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Crime News Breaking News

Chicago Hospital Shooting That Killed 3 Possibly Triggered By Domestic Dispute

Juan Lopez is suspected of fatally shooting three people at Chicago's Mercy Hospital and Medical Center before he also died.

By Gina Tron

A gunman opened fire Monday at a Chicago hospital, killing a police officer and two hospital employees in an attack that began with a domestic dispute and exploded into a firefight with law enforcement inside the medical center. The suspect was also dead, authorities said.

It was not clear if the attacker took his own life or was killed by police at Mercy Hospital on the city's South Side, the police chief said.

The suspect has been identified as Juan Lopez, 32, WLS-TV in Chicago reports.

Police believe he specifically targeted one of the victims who died in the attack: Dr. Tamara O'Neal, a 38-year-old emergency room physician who never worked on Sunday because of her faith. Dayna Less, 25, a first-year pharmacy resident who had recently graduated from Purdue University, and Samuel Jimenez, 28, a police officer, were also killed.

Chicago "lost a doctor, pharmaceutical assistant and a police officer, all going about their day, all doing what they loved," Mayor Rahm Emanuel said, fighting back tears. "This just tears at the soul of our city. It is the face and a consequence of evil."

O'Neal called off an engagement with the gunman in September, WLS-TV in Chicago reports.

Before the shooting began, the former pair had a confrontation in the parking lot of Mercy Hospital and Medical Center.

When a friend of O'Neal's tried to intervene, police say that the gunman showed his gun.

Before O’Neal was shot, she and Lopez reportedly began yelling over a ring, a witness told WGN9 in Chicago.

The witness claimed Lopez demanded O’Neal give him a ring, one that O’Neal said she didn’t have, according to the witness account.

"The guy comes really quickly from behind the van and just pulls out a gun and shoots her six times before she even hits the ground," they said.

When officers arrived, the suspect fired at their squad car and then ran inside the hospital. The police gave chase.

Inside the medical center, the gunman exchanged fire with officers and "shot a poor woman who just came off the elevator" before he was killed, Chicago Police Superintendent Eddie Johnson said.

"We just don't know how much damage he was prepared to do," Johnson said, adding that the woman who was getting off the elevator "had nothing to do with nothing."

Television footage of the aftermath showed several people, including some wearing white coats, walking through a parking lot with their arms up.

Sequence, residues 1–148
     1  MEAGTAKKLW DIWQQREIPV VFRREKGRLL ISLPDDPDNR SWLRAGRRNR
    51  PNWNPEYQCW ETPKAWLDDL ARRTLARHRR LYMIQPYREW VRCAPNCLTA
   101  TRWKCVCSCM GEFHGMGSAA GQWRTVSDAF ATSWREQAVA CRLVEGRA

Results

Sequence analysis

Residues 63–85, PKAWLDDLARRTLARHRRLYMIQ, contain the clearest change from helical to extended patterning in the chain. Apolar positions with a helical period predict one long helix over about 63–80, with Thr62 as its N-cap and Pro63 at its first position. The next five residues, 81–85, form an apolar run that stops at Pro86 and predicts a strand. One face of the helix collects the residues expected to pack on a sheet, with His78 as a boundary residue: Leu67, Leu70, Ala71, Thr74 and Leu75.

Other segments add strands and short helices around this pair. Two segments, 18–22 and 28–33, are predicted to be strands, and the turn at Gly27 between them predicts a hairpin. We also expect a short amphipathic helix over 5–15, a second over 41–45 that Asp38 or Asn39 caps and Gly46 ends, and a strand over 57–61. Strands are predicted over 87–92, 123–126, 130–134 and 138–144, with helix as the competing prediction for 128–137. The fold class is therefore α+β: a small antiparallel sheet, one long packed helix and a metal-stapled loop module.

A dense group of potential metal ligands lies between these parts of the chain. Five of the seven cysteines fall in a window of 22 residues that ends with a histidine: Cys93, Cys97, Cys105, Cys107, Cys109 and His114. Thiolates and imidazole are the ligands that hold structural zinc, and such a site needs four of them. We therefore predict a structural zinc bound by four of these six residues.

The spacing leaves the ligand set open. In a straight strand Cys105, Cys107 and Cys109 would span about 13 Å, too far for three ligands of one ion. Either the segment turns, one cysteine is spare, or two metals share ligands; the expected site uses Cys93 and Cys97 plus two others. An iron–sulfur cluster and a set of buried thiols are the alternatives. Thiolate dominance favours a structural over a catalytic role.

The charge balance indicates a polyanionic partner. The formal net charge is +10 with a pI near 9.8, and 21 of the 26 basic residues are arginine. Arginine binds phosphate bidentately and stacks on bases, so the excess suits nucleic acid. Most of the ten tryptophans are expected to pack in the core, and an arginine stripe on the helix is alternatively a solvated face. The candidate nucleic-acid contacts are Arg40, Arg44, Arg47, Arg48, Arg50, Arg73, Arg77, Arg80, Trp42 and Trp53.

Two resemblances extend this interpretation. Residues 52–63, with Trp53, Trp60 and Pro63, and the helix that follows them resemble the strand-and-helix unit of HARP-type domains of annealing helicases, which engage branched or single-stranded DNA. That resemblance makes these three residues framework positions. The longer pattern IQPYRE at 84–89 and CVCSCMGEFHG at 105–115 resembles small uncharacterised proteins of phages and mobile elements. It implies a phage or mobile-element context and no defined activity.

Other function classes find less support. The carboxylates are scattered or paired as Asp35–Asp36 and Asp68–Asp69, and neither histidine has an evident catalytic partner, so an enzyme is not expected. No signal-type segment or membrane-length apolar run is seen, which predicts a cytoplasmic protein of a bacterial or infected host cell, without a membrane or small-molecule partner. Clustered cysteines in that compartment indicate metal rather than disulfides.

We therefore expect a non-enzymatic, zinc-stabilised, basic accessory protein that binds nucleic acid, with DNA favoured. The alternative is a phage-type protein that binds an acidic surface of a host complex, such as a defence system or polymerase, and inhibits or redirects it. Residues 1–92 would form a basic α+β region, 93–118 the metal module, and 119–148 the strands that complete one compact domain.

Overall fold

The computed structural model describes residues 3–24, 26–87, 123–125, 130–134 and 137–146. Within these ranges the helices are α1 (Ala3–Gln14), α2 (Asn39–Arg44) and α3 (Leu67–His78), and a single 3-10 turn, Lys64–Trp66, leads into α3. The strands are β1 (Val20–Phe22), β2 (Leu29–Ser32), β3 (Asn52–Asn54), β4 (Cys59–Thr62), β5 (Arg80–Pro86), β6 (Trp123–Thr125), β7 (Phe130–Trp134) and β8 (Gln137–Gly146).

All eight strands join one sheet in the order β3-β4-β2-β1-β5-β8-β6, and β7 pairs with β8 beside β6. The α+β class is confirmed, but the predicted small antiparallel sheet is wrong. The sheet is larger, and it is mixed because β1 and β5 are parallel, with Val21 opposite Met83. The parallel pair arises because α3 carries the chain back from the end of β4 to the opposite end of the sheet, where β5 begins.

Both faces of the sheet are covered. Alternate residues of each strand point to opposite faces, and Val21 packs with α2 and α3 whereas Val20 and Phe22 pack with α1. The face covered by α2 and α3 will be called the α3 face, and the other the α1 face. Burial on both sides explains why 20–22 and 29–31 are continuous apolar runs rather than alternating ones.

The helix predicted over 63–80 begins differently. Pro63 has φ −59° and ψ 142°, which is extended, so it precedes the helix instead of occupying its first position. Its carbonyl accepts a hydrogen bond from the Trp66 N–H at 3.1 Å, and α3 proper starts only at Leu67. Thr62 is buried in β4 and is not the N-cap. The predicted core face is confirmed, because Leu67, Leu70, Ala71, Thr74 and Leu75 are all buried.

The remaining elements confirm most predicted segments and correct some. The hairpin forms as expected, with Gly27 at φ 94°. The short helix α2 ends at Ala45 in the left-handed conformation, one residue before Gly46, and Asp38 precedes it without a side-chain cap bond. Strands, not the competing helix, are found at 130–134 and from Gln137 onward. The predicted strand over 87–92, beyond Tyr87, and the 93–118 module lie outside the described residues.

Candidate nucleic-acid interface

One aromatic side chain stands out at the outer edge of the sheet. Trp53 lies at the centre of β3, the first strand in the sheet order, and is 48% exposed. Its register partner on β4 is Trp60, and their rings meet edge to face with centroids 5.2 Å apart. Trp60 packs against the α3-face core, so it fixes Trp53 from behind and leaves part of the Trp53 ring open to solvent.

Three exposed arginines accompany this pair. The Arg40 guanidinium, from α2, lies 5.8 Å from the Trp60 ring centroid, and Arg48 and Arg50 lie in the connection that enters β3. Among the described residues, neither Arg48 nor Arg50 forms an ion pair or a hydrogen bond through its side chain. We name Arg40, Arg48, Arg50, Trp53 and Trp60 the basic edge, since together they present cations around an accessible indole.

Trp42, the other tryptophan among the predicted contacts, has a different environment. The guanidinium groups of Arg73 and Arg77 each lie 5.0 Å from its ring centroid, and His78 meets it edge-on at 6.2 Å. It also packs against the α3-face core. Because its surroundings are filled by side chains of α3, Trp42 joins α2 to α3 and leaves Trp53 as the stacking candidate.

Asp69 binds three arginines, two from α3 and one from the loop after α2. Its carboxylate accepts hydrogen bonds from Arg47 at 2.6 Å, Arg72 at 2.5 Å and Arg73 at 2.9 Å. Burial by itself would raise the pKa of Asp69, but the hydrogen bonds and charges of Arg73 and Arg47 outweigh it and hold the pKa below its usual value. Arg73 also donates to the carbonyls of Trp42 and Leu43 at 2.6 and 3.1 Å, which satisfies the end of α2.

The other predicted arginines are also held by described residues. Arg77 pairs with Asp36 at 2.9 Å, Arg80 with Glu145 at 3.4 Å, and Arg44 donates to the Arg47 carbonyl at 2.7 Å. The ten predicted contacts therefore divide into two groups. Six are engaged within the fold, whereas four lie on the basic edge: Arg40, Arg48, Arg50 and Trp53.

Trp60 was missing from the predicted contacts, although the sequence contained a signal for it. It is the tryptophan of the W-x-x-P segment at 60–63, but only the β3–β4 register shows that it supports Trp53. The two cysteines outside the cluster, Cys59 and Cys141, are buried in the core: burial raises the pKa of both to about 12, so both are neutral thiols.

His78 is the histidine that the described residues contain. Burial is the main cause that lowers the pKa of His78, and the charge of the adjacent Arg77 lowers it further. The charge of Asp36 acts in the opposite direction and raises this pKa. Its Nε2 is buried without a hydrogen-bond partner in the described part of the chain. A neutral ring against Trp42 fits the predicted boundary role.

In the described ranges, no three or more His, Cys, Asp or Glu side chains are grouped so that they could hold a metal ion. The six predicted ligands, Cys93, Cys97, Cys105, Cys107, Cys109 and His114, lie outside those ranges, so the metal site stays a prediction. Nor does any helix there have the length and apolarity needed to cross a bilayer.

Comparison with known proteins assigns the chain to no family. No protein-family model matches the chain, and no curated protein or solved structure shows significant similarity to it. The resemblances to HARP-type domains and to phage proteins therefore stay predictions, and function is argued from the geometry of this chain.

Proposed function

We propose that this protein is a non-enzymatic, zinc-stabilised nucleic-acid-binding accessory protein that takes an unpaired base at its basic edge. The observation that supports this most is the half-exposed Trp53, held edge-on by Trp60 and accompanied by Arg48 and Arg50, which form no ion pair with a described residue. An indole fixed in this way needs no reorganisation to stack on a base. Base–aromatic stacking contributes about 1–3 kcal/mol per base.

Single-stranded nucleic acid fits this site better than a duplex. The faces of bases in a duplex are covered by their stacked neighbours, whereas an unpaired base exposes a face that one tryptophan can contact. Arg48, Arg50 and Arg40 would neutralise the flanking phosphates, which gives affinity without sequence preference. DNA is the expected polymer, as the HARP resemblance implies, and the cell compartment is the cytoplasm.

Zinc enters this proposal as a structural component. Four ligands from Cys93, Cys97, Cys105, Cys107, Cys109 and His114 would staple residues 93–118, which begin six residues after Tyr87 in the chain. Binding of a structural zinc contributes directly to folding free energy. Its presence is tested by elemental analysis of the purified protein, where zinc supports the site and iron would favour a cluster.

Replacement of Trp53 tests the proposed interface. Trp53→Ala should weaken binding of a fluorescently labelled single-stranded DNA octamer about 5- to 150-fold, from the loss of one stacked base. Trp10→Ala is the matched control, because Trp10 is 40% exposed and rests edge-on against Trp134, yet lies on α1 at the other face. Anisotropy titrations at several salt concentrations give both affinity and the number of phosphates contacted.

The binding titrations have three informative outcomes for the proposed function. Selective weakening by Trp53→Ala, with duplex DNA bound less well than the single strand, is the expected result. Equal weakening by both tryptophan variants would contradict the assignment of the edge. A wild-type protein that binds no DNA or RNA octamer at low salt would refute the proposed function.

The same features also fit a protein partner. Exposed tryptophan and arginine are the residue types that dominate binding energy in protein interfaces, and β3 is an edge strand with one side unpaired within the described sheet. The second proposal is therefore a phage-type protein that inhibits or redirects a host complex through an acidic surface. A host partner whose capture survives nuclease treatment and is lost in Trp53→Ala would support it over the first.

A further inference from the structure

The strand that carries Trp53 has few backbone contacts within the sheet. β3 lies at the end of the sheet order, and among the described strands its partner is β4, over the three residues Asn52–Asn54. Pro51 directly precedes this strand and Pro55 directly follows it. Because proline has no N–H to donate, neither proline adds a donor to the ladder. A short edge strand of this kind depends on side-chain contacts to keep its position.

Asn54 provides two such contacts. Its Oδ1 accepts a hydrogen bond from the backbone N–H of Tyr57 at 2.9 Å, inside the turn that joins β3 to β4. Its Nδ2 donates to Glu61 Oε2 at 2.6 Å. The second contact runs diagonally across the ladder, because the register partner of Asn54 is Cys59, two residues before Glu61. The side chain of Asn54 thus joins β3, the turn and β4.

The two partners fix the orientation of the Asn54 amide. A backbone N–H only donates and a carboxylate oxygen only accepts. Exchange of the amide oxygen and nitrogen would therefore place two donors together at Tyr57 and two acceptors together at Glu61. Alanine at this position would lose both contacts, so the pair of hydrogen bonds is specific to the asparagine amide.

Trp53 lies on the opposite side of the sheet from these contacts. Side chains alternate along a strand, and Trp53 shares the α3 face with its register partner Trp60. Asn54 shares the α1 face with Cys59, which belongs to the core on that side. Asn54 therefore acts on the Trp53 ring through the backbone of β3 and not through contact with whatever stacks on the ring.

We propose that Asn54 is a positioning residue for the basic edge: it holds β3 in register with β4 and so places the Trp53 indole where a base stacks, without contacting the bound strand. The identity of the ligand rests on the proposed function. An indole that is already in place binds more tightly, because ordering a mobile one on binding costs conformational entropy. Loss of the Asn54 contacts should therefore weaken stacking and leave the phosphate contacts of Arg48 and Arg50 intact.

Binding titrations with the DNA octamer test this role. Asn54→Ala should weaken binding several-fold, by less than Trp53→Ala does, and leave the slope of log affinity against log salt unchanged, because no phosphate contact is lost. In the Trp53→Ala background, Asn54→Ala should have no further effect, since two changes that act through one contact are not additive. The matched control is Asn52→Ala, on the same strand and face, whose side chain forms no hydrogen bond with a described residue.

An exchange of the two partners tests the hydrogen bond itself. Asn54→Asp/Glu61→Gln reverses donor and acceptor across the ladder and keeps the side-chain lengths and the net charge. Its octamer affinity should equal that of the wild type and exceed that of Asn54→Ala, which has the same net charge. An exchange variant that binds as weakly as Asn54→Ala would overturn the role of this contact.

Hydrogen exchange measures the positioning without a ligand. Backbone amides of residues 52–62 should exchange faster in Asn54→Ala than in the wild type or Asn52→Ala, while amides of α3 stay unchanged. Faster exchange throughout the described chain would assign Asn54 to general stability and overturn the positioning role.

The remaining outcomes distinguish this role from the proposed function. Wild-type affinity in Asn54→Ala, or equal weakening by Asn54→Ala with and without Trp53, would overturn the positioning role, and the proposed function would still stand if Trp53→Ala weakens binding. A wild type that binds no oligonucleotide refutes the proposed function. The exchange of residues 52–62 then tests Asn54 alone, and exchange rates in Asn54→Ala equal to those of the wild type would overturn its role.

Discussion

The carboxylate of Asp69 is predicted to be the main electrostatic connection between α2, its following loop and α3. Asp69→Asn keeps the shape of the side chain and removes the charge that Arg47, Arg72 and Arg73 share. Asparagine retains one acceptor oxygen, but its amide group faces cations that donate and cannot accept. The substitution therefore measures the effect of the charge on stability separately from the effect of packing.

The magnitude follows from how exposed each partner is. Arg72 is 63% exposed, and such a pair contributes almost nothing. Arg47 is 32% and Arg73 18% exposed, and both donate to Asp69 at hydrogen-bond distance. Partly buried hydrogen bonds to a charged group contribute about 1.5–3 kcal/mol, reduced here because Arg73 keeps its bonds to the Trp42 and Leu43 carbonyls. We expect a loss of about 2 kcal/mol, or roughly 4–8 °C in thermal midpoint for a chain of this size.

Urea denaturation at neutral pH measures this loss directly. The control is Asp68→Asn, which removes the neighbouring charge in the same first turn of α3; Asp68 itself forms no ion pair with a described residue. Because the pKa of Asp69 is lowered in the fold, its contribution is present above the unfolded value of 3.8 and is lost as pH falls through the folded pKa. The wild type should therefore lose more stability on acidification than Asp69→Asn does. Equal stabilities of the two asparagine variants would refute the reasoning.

Jennifer Eldridge was working in a hospital pharmacy when she heard three or four shots that seemed to come from outside. Within seconds, she barricaded the door, as called for in the building's active shooter drills. Then there were six or seven more shots that sounded much closer, just outside the door.

"I could tell he was now inside the lobby. There was screaming," she recalled.

The door jiggled, which Eldridge believed was the shooter trying to get in. Some 15 minutes later, she estimated, a SWAT team officer knocked at the door, came inside and led her away. She looked down and saw blood on the floor but no bodies.

"It may have been 15 minutes, but it seemed like an eternity," she said.

Maria Correa hid under a desk, clutching her 4-month-old son, Angel, while the violence unfolded. Correa was in the waiting area of the hospital for her mother-in-law's doctor appointment when a hospital employee told them to lock themselves in offices.

She lost track of how many shots she heard while under the desk "trying to protect her son" for 10 to 15 minutes.

"They were the worst minutes of our lives," Correa said.

Dennis Burke, who lives across the street from the hospital, was getting off the bus when he heard six gunshots and saw officers nearby with their guns drawn.

"I dropped my groceries," Burke said. He ducked behind the bus for cover and watched as 50 to 100 people poured out of the hospital, including someone on a stretcher.

People "were helping each other over the fence, trying to get away," Burke said. "People were running across the street, right past me — everybody from doctors to what looked like patients, people of all ages."

The death of Jimenez, a married father of three, comes nine months after another member of the Chicago Police Department, Cmdr. Paul Bauer, was fatally shot while pursuing a suspect in the Loop business district.

The Associated Press contributed to this report.

[Photo: Facebook]